The current transitional paths of the Euro Area countries can be seen as a turning point between two alternative scenarios: i) a low decline path (although no secular stagnation), where markets saturation features and trends dynamically interact with a growing share of finance disentangled from the real economy; ii) an evolution towards self-sustained growth trajectories bundles, where feasible economic and institutional improvements are set in place. In order to capture such a turning point, we adopt a new approach to understand the Saving-Investment Feldstein – Horioka puzzle, developing a model based on the investigation on the time-growth varying surfaces of the Average Propensity to Save (APS) and the Average Propensity to Invest (API). The related specification econometrics, a sort of Colander “Craftsmen’s approach” that includes à la MIMIC estimates of the real rate of depreciation of social overhead capital stock, requires only the hypotheses of adaptive behaviour and stock-flow feedback loops. The results are consistent with the current instability of the Euro Area and show (and measure) to what extent small institutional changes and a limited set of operators can shift the overall trajectories of the EU system.

Long term patterns of European accumulation and growth: Europe at a turning point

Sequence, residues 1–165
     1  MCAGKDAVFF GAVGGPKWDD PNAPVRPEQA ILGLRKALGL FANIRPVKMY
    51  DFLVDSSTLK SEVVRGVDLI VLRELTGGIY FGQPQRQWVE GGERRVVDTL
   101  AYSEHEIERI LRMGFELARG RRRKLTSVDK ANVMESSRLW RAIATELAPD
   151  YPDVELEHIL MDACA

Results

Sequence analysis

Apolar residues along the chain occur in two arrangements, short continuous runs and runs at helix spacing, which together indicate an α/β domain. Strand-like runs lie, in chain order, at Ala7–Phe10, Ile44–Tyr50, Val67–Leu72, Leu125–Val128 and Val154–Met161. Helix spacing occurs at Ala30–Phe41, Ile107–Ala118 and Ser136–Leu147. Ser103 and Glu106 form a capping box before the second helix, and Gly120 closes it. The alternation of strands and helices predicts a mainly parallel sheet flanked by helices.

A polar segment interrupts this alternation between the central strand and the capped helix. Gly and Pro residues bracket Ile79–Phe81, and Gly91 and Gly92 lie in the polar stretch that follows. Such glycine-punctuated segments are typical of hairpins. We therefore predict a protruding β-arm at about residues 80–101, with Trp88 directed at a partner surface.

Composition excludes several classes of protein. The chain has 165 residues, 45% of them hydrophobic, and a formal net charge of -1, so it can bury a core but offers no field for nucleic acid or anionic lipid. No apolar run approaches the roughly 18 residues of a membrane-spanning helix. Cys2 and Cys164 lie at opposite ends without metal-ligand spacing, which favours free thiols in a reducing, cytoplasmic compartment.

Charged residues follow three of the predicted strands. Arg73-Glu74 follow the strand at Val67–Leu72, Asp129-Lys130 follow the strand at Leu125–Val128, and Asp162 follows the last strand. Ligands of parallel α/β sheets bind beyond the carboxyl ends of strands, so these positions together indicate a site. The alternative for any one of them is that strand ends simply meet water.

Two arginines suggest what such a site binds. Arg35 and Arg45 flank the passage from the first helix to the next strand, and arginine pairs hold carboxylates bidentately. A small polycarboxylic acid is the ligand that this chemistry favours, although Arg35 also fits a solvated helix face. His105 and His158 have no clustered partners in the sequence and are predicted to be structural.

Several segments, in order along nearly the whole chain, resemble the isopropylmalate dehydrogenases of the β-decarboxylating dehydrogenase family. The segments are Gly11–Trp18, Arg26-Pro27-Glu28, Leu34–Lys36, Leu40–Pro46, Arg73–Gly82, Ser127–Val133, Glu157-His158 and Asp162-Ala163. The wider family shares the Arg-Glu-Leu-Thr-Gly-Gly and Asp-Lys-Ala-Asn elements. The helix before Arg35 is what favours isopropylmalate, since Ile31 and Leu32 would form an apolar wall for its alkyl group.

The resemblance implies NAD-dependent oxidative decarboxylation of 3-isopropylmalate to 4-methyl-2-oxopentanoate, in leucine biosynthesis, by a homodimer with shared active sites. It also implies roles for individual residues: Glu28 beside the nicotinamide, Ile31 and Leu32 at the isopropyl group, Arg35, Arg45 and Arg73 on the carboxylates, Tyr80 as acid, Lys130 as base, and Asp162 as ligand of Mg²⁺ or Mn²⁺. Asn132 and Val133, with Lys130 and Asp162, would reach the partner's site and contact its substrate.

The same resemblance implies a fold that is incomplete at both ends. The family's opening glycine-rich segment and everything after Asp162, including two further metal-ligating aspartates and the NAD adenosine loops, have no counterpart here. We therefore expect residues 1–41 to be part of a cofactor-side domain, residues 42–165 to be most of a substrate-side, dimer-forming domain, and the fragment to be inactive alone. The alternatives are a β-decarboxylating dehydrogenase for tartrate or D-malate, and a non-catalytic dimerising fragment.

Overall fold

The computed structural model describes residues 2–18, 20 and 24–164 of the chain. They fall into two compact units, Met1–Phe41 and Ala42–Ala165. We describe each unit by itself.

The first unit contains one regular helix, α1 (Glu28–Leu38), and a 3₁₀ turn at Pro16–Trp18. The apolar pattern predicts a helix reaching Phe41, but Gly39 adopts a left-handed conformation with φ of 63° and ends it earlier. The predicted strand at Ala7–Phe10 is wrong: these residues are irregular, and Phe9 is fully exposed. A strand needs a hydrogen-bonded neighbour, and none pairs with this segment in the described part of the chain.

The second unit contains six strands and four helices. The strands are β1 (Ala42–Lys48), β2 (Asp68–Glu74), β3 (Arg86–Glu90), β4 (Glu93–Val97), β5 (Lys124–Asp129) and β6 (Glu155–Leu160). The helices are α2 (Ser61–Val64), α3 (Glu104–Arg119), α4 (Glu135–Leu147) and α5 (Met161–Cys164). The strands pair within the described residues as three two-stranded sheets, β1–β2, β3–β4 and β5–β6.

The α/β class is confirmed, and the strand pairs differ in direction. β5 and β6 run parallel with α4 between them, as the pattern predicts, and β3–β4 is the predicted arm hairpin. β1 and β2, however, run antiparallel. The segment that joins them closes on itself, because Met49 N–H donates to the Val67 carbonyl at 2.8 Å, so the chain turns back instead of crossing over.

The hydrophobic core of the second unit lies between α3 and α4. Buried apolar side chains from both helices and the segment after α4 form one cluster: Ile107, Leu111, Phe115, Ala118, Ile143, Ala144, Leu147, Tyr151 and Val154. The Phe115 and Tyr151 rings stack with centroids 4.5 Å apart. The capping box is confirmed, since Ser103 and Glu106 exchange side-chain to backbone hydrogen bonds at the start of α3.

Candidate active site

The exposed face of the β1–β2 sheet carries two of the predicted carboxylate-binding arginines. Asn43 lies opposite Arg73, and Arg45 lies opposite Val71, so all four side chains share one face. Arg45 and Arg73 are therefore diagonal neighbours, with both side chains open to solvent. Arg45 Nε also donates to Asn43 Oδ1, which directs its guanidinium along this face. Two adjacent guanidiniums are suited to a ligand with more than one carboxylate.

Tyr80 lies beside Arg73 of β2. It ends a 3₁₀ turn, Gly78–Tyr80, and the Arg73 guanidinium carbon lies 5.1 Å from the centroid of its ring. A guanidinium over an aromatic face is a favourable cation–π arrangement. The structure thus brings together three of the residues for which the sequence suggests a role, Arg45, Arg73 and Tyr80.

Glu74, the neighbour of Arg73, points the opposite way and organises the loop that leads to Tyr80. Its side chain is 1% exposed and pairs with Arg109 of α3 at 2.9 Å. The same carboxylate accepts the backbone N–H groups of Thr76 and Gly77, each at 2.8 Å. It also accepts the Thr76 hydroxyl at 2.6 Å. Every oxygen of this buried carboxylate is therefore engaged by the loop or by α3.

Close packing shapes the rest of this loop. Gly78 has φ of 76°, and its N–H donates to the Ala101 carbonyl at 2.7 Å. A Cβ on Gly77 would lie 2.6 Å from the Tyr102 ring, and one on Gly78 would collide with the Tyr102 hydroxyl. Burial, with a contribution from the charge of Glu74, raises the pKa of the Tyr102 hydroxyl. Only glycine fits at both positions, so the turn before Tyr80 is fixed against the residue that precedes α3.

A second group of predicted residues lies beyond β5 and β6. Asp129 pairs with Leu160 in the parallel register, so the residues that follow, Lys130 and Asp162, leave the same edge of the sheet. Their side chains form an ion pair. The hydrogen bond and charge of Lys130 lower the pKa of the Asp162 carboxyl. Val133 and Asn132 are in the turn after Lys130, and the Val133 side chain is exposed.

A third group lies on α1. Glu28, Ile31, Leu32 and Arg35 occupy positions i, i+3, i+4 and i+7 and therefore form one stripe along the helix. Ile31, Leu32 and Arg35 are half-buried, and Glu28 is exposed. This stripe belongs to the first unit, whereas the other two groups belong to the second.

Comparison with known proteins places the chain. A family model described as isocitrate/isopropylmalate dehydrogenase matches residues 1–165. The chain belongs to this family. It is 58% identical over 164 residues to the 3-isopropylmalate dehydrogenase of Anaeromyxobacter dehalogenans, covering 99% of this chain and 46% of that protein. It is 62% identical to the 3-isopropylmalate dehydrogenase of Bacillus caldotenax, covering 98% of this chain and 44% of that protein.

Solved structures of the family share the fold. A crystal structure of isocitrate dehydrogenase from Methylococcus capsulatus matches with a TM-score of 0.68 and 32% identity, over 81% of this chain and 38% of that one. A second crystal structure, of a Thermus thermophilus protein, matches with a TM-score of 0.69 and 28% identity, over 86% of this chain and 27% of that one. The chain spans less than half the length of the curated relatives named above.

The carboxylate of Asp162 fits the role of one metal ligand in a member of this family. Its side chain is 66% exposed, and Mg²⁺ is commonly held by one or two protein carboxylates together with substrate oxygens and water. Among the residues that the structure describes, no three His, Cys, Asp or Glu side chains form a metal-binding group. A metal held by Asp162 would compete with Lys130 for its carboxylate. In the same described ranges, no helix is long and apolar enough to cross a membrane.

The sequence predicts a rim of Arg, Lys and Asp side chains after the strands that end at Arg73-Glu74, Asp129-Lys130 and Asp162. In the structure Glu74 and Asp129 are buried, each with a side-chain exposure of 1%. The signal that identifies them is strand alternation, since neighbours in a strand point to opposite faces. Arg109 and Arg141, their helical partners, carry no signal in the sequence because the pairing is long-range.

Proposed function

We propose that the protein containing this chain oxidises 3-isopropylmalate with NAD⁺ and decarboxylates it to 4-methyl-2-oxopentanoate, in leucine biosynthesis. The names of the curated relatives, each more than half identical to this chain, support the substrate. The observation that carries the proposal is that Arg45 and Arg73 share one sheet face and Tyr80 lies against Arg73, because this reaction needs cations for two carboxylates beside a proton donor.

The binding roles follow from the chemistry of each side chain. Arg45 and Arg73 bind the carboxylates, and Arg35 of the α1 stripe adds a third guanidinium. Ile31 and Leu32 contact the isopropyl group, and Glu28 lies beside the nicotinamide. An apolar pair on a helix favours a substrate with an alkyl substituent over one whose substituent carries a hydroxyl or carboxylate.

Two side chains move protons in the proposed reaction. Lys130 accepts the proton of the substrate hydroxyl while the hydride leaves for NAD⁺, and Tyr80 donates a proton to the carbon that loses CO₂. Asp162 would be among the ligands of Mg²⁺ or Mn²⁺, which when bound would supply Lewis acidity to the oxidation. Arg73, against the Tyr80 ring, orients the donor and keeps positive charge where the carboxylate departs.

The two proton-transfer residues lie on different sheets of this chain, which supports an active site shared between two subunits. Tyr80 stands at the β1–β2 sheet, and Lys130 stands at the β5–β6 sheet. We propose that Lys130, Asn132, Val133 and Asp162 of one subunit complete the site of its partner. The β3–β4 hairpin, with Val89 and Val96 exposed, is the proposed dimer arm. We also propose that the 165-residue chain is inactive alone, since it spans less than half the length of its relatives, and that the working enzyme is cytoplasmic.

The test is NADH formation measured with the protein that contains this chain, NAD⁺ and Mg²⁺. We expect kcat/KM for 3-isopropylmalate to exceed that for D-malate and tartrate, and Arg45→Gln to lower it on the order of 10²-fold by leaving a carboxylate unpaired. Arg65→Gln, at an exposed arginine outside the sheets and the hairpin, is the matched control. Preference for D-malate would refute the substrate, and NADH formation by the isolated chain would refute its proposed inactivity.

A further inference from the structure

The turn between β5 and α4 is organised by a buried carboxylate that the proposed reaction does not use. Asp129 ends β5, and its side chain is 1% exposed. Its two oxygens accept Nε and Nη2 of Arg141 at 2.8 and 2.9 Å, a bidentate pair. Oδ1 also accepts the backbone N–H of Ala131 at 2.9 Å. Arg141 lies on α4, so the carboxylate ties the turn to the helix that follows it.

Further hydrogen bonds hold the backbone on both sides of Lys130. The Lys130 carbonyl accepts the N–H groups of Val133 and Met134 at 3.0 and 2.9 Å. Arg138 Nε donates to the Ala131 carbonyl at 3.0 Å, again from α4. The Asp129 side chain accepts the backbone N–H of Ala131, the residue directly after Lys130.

ALIANO, MAURO
2016

Abstract

The current transitional paths of the Euro Area countries can be seen as a turning point between two alternative scenarios: i) a low decline path (although no secular stagnation), where markets saturation features and trends dynamically interact with a growing share of finance disentangled from the real economy; ii) an evolution towards self-sustained growth trajectories bundles, where feasible economic and institutional improvements are set in place. In order to capture such a turning point, we adopt a new approach to understand the Saving-Investment Feldstein – Horioka puzzle, developing a model based on the investigation on the time-growth varying surfaces of the Average Propensity to Save (APS) and the Average Propensity to Invest (API). The related specification econometrics, a sort of Colander “Craftsmen’s approach” that includes à la MIMIC estimates of the real rate of depreciation of social overhead capital stock, requires only the hypotheses of adaptive behaviour and stock-flow feedback loops. The results are consistent with the current instability of the Euro Area and show (and measure) to what extent small institutional changes and a limited set of operators can shift the overall trajectories of the EU system.
978-3-319-26951-1
Consumption; Saving; Forecasting and simulation; Crisis; Euro area
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Utilizza questo identificativo per citare o creare un link a questo documento: https://hdl.handle.net/11584/142401
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